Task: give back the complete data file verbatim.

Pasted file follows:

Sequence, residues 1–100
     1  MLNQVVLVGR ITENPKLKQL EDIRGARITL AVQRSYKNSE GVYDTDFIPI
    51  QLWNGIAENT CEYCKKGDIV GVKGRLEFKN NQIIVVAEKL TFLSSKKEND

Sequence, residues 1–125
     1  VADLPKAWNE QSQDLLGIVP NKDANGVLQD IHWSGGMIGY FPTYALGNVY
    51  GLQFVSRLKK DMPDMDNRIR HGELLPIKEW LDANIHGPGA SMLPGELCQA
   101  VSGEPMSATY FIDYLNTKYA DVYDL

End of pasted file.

Sequence, residues 1–100
     1  MLNQVVLVGR ITENPKLKQL EDIRGARITL AVQRSYKNSE GVYDTDFIPI
    51  QLWNGIAENT CEYCKKGDIV GVKGRLEFKN NQIIVVAEKL TFLSSKKEND

Sequence, residues 1–125
     1  VADLPKAWNE QSQDLLGIVP NKDANGVLQD IHWSGGMIGY FPTYALGNVY
    51  GLQFVSRLKK DMPDMDNRIR HGELLPIKEW LDANIHGPGA SMLPGELCQA
   101  VSGEPMSATY FIDYLNTKYA DVYDL